Rare Findings at The Museum of Human Disease

You may find specimens obtained via autopsy or a surgical removal while walking around. Each display offers information on abnormalities, history and clinical descriptions that are available. From inflammation of a gallbladder to brain tumors, heart attacks and close-ups of chronic ulcers – there are plenty of organs on display to showcase the impact we have on our bodies as well as diseases. Learn about unique diseases from around the world and what we’ve accomplished in curing them.

Before planning your visit, check out the interactive images offered by the museum online. 

You may want to leave the cameras and snacks at home though, as they are not permitted inside the museum. You can choose to settle for concessions close by, or branch out to various restaurants in the city to enjoy after finishing your tour and learning all of the amazing ways the pathology field progresses daily.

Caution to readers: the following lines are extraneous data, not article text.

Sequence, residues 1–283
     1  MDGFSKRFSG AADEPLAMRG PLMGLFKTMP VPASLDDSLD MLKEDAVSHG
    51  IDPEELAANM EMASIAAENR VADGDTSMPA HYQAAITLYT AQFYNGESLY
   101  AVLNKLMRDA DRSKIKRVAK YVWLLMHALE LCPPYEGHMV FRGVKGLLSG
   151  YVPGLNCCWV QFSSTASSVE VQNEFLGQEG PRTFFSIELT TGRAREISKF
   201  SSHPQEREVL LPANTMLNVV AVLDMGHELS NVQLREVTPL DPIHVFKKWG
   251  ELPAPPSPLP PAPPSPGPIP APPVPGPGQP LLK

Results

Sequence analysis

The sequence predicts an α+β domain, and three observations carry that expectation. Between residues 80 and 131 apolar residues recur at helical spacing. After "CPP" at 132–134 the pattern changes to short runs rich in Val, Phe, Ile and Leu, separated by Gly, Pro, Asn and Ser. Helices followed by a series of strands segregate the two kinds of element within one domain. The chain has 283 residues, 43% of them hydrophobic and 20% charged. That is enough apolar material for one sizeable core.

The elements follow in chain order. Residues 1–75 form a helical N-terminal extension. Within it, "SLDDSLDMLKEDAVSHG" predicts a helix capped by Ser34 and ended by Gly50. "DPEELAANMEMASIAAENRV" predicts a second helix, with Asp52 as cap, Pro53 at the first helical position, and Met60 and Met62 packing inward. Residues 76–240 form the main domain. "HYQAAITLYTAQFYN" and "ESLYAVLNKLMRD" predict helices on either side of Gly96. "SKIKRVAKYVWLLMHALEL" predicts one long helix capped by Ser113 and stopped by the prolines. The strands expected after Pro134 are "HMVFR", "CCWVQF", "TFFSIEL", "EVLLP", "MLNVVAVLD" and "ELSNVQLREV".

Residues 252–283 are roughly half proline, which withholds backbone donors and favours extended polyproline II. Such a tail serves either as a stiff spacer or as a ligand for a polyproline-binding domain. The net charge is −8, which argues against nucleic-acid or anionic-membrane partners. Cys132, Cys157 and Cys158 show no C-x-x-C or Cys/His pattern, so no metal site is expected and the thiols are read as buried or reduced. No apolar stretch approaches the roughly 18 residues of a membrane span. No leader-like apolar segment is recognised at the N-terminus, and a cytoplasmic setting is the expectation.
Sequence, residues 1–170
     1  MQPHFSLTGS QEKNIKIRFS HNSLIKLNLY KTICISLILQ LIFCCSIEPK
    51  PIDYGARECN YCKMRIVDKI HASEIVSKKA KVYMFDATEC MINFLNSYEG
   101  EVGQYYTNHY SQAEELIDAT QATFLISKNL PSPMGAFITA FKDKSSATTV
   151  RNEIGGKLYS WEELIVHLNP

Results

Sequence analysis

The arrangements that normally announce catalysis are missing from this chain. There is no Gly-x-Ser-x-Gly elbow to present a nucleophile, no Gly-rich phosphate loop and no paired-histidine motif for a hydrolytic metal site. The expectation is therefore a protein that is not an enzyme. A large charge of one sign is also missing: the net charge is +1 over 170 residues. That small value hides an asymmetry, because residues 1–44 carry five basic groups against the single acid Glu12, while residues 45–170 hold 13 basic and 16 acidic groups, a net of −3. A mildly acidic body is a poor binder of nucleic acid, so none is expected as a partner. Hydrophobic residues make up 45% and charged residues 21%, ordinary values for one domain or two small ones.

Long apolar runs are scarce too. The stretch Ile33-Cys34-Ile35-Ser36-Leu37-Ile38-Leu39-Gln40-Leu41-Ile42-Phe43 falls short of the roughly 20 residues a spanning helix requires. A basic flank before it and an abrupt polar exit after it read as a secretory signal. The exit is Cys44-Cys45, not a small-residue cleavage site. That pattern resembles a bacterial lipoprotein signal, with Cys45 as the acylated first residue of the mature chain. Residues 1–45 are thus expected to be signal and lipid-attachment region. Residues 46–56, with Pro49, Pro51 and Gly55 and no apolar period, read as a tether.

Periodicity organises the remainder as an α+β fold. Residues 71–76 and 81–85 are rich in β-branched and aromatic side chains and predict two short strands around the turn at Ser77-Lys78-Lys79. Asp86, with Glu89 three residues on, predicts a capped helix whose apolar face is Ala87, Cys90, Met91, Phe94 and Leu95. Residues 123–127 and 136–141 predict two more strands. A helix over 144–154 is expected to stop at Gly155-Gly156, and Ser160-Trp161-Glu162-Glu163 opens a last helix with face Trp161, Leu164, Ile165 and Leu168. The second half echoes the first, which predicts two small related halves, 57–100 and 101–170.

Interactive Images and history –

Pricing, general rules, and booking –

Take a Ride Through Time at the Sydney Bus Museum

Looking for a bit of historical fun on your trip to Sydney?

The Sydney Bus Museum is home to a collection of retired buses that date back to the 1920s. What’s even better than that… You can ride them!

Here’s what you need to know:

The Museum Basics

Headed up by a team of history-loving volunteers, the Sydney Bus Museum is open to the public on the first and third Sunday of each month from 10 am to 4 pm. With your entry ticket, you get all-day access to the museum and unlimited rides for the day on the running buses. The bus ride takes visitors 6 kilometers (3.7 miles) to the Queen Victoria Building and then loops back to the museum in Leichhardt.